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    ABSTRACT: To describe the post-chemoradiotherapy magnetic resonance imaging (MRI) features of locally advanced rectal carcinoma (LARC) in which there has been a complete histopathological response to neoadjuvant chemoradiotherapy (CRT). This retrospective cohort study was performed between January 2005 and November 2009 at a regional cancer centre. Consecutive patients with LARC and a histopathological complete response to long-course CRT were identified. Pre- and post-treatment MRI images were reviewed using a proforma for predefined features and response criteria. ymrT0 was defined as the absence of residual abnormality on MRI. Twenty patients were included in the study. Seven (35%) ypT0 tumours were ymrT0. All 13 ypT0 tumours not achieving ymrT0 appearances had a good radiological response, with at least 65% tumour reduction. The appearances were heterogeneous: in 11/13 patients the tumour was replaced by a region of at least 50% low signal on MRI, with 8/13 having ≥80% low signal, and 3/13 with 100% low signal. MRI may be useful in identifying a complete histopathological response. However, the MRI appearances of ypT0 tumours are heterogeneous and conventional MRI complete response criteria will not detect the majority of patients with a complete histopathological response.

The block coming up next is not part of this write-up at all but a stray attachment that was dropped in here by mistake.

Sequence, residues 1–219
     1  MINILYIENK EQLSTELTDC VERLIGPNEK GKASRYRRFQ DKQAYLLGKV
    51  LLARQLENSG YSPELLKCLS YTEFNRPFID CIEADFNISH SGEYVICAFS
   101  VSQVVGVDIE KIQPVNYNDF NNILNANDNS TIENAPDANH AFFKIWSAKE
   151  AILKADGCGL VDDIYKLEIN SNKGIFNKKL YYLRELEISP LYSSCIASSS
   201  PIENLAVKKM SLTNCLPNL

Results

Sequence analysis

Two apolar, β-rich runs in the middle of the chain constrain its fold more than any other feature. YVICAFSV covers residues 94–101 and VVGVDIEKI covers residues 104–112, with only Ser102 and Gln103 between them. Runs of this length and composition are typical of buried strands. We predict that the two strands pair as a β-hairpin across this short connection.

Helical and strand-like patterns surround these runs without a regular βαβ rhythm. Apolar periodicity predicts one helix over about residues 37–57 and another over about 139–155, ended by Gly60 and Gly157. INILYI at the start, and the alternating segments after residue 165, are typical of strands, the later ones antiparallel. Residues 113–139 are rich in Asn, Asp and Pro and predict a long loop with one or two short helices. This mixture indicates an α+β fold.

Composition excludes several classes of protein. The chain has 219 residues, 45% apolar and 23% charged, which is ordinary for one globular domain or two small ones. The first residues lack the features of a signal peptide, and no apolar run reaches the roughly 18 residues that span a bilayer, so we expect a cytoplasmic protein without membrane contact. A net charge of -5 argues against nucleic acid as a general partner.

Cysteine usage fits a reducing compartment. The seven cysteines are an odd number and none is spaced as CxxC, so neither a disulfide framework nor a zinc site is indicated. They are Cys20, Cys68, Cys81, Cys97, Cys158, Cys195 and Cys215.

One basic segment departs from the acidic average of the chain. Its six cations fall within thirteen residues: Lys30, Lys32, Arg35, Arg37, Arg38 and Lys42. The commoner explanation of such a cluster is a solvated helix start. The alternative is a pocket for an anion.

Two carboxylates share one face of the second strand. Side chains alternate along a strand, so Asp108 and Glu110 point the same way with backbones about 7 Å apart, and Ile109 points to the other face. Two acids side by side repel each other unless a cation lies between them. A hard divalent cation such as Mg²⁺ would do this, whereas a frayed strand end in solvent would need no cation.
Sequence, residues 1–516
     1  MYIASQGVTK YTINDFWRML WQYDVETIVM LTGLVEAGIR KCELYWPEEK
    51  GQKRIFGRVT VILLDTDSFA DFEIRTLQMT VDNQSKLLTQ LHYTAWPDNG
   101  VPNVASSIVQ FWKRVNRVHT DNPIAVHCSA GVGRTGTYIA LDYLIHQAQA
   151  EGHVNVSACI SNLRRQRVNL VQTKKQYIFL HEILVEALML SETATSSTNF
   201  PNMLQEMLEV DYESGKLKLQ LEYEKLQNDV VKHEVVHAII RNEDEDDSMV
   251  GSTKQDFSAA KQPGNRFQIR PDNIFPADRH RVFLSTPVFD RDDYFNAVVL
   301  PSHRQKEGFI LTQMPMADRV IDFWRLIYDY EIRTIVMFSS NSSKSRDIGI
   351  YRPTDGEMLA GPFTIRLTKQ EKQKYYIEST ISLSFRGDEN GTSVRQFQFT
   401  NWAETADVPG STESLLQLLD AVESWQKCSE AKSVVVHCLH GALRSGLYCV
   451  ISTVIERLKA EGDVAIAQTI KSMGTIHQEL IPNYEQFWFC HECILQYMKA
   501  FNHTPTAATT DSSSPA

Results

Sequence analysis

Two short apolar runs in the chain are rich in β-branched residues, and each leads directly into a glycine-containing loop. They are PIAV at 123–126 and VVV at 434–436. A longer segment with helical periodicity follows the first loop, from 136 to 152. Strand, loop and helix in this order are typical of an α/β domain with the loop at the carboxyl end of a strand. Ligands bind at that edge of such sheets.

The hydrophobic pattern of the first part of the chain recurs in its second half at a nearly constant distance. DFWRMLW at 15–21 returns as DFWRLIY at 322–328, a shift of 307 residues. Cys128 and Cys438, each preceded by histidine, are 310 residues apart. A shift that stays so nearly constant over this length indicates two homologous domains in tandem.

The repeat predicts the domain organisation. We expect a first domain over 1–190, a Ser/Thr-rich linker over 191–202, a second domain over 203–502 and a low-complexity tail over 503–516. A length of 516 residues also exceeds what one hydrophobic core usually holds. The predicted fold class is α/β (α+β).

No preview · Article · Jan 2012 · Clinical Radiology

Publication Stats

3k Citations
646.87 Total Impact Points


  • 2006-2014
    • Oxford University Hospitals NHS Trust
      • Department of Radiology
      Oxford, England, United Kingdom
  • 2009-2013
    • Churchill College
      Cambridge, England, United Kingdom
  • 2012
    • National Institute for Health Research
      Londinium, England, United Kingdom
    • NIHR Oxford Biomedical Research
      Oxford, England, United Kingdom
  • 2009-2010
    • University of Oxford
      • Oxford e-Research Centre
      Oxford, England, United Kingdom
  • 2004
    • Royal Brompton and Harefield NHS Foundation Trust
      Harefield, England, United Kingdom